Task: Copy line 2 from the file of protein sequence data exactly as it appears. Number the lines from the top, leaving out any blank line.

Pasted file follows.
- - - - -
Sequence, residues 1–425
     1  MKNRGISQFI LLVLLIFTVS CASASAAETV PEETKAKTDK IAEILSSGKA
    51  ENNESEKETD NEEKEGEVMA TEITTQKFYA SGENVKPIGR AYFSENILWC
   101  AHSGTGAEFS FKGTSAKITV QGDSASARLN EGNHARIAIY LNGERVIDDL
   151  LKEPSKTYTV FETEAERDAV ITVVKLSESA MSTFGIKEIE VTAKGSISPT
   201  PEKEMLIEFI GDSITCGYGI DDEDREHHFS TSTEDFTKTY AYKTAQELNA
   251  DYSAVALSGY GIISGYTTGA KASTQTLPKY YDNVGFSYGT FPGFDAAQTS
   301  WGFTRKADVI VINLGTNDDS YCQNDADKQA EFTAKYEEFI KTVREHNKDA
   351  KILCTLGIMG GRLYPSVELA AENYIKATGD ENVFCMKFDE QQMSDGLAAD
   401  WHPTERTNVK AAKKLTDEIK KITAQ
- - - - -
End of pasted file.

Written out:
     1  MKNRGISQFI LLVLLIFTVS CASASAAETV PEETKAKTDK IAEILSSGKA